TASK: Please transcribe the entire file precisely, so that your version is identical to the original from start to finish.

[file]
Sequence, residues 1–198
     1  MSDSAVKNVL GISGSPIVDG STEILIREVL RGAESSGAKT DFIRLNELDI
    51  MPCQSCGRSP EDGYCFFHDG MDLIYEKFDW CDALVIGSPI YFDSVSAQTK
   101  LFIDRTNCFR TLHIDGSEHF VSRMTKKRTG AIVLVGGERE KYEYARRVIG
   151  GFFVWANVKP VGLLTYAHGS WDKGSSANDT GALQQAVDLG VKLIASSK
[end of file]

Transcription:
Sequence, residues 1–198
     1  MSDSAVKNVL GISGSPIVDG STEILIREVL RGAESSGAKT DFIRLNELDI
    51  MPCQSCGRSP EDGYCFFHDG MDLIYEKFDW CDALVIGSPI YFDSVSAQTK
   101  LFIDRTNCFR TLHIDGSEHF VSRMTKKRTG AIVLVGGERE KYEYARRVIG
   151  GFFVWANVKP VGLLTYAHGS WDKGSSANDT GALQQAVDLG VKLIASSK